Billye Aaron may not have smashed baseball records like her famous husband, but the wife of the late Hank Aaron was a trailblazer in her own field.
Family members announced on Friday that Hank Aaron had died at the age of 86. While his passing has led to many tributes about his life and record-setting career, his relationship with his wife and family has also garnered attention.
Hank and Billye Aaron were married in 1973, one year before the baseball legend would hit his record-breaking 715th career home run. Though his career would end in 1976, the pair remained active with many players from his era, maintaining relationships with them while promoting the sport.
Bud Selig, the former MLB commissioner, mentioned Billye when offering a message of condolence on Friday, saying he cherished the time he got to spend with the pair.
"We spent a lot of time with the Aarons," he said, via the Milwaukee Journal Sentinel. "They were such wonderful people. I'm hearing from so many people today. Everybody loved Hank Aaron."
She also took center stage at a 2012 ceremony where the Milwaukee Brewers unveiled a statue of Hall of Fame radio broadcaster Bob Uecker, who was a close friend of the pair. As the report noted, Uecker called her up on stage to sing an impromptu version of "Somewhere Over the Rainbow."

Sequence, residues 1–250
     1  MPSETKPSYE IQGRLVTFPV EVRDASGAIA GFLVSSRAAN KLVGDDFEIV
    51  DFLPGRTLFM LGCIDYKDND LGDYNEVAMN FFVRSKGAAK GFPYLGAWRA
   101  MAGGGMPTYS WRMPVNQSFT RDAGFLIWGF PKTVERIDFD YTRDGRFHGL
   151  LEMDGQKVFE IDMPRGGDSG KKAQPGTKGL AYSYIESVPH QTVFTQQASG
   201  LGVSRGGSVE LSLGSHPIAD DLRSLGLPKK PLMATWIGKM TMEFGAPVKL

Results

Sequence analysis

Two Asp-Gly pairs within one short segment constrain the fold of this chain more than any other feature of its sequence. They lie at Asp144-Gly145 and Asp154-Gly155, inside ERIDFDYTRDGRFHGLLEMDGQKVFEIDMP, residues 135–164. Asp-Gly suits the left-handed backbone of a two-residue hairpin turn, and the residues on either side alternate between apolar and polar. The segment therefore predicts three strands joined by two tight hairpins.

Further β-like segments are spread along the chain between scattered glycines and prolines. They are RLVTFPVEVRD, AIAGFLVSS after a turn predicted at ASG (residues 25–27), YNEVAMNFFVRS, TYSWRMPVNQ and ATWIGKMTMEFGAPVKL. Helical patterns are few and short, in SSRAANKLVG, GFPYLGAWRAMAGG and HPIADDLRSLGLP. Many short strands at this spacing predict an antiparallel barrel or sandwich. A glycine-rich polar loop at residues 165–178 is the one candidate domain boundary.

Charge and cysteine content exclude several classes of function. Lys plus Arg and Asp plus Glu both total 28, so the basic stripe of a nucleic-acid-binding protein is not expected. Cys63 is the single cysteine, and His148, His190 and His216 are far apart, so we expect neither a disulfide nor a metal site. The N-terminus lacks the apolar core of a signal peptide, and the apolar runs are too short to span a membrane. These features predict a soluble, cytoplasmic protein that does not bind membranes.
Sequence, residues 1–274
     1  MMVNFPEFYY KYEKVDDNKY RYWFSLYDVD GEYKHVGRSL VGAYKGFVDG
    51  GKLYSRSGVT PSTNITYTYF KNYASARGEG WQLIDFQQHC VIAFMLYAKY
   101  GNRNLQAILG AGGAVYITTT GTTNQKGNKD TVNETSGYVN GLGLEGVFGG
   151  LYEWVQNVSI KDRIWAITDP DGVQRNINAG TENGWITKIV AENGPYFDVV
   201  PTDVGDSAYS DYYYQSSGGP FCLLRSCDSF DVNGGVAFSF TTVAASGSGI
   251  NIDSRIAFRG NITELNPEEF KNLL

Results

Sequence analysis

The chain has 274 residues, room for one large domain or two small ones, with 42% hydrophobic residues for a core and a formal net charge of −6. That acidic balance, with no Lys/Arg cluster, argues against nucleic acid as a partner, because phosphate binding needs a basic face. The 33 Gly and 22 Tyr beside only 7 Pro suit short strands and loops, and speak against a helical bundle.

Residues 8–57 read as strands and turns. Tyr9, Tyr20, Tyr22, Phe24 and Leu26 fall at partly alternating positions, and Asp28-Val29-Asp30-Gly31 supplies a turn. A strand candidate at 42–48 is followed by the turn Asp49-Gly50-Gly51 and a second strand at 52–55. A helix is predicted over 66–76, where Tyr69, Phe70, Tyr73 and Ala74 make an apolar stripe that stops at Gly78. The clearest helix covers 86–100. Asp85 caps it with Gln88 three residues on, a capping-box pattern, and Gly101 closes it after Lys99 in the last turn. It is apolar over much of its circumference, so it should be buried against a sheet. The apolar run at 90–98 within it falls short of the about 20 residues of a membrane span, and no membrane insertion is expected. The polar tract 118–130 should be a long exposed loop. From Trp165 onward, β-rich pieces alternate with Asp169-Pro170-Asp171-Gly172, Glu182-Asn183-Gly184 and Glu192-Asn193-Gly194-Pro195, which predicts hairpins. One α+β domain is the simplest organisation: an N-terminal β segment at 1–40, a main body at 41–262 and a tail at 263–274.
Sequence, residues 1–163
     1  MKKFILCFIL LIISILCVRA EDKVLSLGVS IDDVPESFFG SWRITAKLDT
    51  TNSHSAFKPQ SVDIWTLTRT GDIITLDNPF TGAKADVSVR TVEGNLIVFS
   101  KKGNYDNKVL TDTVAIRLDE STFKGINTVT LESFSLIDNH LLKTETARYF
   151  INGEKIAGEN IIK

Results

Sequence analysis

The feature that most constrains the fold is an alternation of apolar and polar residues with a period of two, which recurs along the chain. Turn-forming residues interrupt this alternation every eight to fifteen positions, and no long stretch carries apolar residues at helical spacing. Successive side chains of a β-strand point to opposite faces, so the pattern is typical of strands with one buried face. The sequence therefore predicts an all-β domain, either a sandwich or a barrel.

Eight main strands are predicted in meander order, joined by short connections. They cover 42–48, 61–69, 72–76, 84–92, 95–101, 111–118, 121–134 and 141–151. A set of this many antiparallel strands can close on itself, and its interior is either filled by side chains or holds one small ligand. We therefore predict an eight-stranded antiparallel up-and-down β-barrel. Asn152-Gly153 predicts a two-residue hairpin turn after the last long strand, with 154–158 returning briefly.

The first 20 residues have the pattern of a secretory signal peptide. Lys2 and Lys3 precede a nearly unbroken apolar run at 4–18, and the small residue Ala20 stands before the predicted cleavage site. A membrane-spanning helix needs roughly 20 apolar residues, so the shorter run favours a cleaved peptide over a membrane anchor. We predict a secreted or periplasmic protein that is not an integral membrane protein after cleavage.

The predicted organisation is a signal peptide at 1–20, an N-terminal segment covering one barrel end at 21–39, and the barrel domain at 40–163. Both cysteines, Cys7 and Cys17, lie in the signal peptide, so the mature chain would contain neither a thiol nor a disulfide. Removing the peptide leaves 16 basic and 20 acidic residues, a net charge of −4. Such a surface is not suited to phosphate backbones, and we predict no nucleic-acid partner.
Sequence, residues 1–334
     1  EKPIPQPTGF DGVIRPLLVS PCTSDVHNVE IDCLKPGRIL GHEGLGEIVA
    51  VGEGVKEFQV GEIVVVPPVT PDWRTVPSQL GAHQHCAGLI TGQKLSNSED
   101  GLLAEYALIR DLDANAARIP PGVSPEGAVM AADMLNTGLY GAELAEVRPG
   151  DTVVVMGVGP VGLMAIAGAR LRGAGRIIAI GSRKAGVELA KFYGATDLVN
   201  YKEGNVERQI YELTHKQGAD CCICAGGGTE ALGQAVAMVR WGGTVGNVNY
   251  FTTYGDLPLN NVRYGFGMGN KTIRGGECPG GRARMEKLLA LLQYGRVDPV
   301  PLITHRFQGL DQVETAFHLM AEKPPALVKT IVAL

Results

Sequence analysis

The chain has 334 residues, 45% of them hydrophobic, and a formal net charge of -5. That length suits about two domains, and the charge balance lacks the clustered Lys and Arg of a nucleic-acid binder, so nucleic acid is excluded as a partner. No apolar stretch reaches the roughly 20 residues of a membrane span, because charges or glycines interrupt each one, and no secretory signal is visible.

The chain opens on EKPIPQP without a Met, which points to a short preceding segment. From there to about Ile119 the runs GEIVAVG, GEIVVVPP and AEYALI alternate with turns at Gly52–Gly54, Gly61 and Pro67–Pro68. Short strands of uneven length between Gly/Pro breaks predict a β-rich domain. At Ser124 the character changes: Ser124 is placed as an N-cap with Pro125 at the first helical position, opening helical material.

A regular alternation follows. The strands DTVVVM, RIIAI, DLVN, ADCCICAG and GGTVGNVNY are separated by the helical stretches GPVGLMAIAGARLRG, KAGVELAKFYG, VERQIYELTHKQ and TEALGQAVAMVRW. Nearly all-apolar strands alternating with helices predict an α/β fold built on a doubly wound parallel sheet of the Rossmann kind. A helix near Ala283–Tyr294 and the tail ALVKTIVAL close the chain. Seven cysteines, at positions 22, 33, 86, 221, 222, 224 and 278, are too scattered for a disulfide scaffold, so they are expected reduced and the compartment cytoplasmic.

As he recalled, she had no idea he had planned to call on her, but was more than up to the task.
"I don't think people knew Billye could sing like that," he said. "I did. She stole the show."
Uecker added that he was devastated to hear the news of his friend's death.
"This is a tough day, a really tough day," he said from his home in Arizona. "We were friends a long time. We were very close friends. We had a lot of great times together."
While her husband followed in the footsteps of Jackie Robinson -- who broke baseball's color barrier ahead of Hank's start in the majors -- Billye broke down barriers in her own field. As a bio from Mount Saint Mary's University noted, she debuted on Today in Georgia on WSB-TV in Atlanta in 1968, making her the first African American woman in the Southeast to co-host a daily, regularly scheduled talk show.
As the bio noted, she brought some national stature to the local program and hosted a number of influential guests.
"As a host, she interviewed national and international leaders, dignitaries and celebrities, including Vice President Hubert Humphrey, Sidney Portier, Harry Belafonte, Jane Fonda and Pearl Bailey," the entry read, noting that she began hosting a weekly talk show for WTMJ-TV in 1975, all while also teaching at the high school and college levels.
Aside from her work as a journalist, she was also active in increasing access to higher education for African American youth, working as a prolific fundraiser for the United Negro College Fund. She and her husband would later co-found the Hank Aaron Chasing the Dream Foundation, which helped children who had special talents but faced significant financial barriers.